CNSI Noble Fund researchers work to develop an opioid drug that has very low abuse potential

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Professor Heather Maynard is part of a team researchers whose Nobel Fund project is seeking to curb opioid addiction by rendering the drug inactive unless taken orally, as well as slowing the release into the body, which has the potential to reduce abuse of the drug.

The team’s goal is to provide a drug for physicians to use for traumatic and post-operative pain that has very low abuse potential so they don’t have to worry about their patients becoming addicted or misusing their opioids.

In a new Nobel Fund video, Maynard and collaborator Professor Catherine Cahill from UCLA Psychiatry and Biobehavioral Sciences, discuss their project.

Maynard is one of seven Chemistry & Biochemistry faculty members selected to receive CNSI Noble Family Innovation Fund grants for their nanoscience research projects in 2021. The Noble Family Innovation Fund, established with a $10 million philanthropic commitment to the California NanoSystems Institute at UCLA, supports basic and translational research involving interactions on the nanoscale – measured in billionths of a meter. Funding is earmarked for projects with substantial promise for commercialization and societal impact. The goal is to create a model for academic research and entrepreneurship that enables strategic investment to seed discoveries that have the potential to be translated for the public good.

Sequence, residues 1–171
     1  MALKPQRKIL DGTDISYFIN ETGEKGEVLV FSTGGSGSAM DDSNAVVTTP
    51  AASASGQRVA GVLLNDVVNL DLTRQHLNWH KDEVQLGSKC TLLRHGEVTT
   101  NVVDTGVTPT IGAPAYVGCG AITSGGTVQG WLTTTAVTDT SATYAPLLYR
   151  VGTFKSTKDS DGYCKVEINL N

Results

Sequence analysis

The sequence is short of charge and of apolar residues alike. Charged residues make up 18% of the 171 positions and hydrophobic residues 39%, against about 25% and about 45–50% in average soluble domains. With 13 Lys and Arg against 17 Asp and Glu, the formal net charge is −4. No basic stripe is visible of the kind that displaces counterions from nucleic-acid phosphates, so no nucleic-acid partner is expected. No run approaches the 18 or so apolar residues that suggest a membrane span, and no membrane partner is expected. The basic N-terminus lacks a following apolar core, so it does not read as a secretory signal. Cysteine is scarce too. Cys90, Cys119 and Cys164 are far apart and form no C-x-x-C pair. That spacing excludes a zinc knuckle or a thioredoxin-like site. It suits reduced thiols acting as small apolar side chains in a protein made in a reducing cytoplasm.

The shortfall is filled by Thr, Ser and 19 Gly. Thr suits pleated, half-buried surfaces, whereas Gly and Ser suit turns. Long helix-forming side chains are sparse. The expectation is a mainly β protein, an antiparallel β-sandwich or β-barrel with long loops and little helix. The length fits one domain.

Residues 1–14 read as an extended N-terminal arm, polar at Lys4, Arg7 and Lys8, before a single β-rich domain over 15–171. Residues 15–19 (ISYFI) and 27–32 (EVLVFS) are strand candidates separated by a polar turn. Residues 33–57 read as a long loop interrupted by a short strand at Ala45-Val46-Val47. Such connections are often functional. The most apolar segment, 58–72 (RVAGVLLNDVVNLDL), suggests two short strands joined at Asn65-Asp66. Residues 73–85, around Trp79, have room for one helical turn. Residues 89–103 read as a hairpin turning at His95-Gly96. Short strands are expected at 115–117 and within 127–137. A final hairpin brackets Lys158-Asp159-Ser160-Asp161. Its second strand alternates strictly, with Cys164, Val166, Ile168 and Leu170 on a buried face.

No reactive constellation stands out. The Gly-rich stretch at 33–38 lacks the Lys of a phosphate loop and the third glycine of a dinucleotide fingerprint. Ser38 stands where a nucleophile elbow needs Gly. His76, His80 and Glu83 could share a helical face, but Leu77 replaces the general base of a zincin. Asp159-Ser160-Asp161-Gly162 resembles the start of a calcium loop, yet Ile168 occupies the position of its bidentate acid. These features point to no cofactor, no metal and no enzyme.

A worldwide leader in the area of drug delivery, Maynard holds UCLA’s Dr. Myung Ki Hong Endowed Chair in Polymer Science.  She is Director of the National Institutes of Health funded Chemistry Biology Interface Training Program and Associate Director for the California NanoSystems Institute at UCLA.  Maynard is also the co-Director of the $23.7 million NSF funded BioPACIFIC Materials Innovation Platform at UCLA and UCSB.